Wednesday, 31 October 2007

IPC Green Matters Event

Thanks to Neil P and the lovely people at Blue Fin towers (and what a beautiful office, sustainable too I'm told) for hosting today's event on the day my book actually hits the shops. And lovely to meet all the people who came by afterwards to say hi, or who are following up at the blog address I gave in my charts.

As well as an update on sustainability at Time Warner and thoughts from the frontline from several magazine editors, IPC lshared findings from their Green Matters research which was with 3000 respondents on their customer database. It's highly consistent with other green consumer surveys, but what's really interesting about this one is they have focused on 6 key areas of behaviour and determined concern, willingness and action on the part of different demographic segments.

Here are some highlights:
- 89% declare themselves concerned about the environment
- 95% said it was everyone's responsibility
(41% said 'it's my responsibility' presumably ie mainly mine, vs shared with others)

Rubbish and recycling:
- nearly everyone (even young men) recycle
- depth of behaviour - the full 3Rs varies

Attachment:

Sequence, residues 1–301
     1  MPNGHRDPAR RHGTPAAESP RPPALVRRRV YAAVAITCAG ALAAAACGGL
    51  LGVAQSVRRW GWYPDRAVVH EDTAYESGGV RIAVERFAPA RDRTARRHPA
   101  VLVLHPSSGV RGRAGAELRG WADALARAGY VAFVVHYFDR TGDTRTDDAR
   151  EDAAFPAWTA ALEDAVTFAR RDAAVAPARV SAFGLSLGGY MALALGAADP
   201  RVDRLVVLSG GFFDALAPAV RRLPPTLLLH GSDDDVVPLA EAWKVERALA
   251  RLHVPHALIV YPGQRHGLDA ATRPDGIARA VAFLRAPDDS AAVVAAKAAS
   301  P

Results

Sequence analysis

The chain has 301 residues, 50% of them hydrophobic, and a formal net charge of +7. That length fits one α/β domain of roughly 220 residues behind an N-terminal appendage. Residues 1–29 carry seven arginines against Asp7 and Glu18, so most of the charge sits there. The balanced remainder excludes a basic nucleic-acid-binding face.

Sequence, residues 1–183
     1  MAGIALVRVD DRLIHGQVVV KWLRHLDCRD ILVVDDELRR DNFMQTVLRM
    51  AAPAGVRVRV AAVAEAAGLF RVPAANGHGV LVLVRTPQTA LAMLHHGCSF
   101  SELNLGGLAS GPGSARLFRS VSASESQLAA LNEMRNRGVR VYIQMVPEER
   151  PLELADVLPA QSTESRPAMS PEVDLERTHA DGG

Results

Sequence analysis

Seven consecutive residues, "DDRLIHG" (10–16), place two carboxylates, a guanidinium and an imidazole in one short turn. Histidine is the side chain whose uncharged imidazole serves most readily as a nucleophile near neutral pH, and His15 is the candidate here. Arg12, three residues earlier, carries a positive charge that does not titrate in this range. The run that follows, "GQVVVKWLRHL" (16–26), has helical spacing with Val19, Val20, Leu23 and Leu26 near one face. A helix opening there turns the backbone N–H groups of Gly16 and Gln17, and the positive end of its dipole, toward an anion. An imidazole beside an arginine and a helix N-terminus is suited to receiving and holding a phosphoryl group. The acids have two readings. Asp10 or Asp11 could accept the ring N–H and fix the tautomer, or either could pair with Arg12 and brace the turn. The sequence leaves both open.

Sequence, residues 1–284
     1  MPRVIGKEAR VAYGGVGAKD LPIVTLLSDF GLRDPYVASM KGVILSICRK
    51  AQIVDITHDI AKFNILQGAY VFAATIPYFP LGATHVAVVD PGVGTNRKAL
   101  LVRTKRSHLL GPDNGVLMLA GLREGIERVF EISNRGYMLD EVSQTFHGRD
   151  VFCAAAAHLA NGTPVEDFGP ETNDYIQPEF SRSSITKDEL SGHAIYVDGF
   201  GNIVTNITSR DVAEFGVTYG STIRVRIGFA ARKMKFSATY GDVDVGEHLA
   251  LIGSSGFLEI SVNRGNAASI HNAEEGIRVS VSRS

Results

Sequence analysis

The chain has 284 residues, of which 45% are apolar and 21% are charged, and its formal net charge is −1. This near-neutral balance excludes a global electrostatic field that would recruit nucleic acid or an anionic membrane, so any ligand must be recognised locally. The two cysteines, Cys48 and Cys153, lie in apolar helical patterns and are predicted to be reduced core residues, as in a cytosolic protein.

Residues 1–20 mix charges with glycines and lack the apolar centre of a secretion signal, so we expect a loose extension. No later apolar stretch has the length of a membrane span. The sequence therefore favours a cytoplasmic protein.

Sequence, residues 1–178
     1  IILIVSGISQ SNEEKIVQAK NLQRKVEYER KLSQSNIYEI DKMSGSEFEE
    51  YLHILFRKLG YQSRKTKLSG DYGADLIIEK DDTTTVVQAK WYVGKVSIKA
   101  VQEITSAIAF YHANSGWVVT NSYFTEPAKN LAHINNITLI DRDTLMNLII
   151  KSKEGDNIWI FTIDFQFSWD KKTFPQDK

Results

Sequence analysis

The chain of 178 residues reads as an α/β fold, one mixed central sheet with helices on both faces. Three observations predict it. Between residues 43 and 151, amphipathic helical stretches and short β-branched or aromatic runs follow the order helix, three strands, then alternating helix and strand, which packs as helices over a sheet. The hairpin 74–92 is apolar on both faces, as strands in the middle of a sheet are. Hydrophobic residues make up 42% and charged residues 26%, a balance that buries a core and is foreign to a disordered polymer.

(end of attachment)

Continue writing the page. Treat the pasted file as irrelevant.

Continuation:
- older, empty nesters who have most time do most

Energy saving
- a prime motivation is saving money too
- most people had 'turned to 30' and nearly all cited the Ariel campaign as the reason
- mass market and older generations lead the way; more used to counting the pennies
- young men still do often leave everything on standby

- people welcome the supermarkets taking the lead
- but confusion reigns on the best options
(and doesnt it just - eg organic vs fairtrade vs local)
- only 1/5 consider environmental impact when clothes shopping

- 38% already use their car less
- 31% considering using it less
- people are defensive, cars seen as a 'right' yet clearly message is getting through too

- again people are still resistant eg 42% "wouldnt consider flying less"
- and yet flying worries people:
a great deal 34%
a small amount 55%
not at all 10%
(stacks up with other data showing about 75% feel guilty when they fly)

Full details of research from Neil Perkins
Tel: 0203 148 3600

Neil also interviewed me on green issues, and he will be posting this at

1 comment:

Ciaran Mundy said...

These statistics are very encouraging but also beg the question; How does this translate into measurable differences in peoples actions in the long term?

In these surveys, much rests on the way things are phrased and how this elicits a certain rational desire to behave in the 'right' way. Peoples perceptions of what they do and how effective it is is, I believe, often very out of step with the reality of their actions. This is inevitable, particularly where environmental cues and the 'normal' behavior of the social group is different to the intended behavior.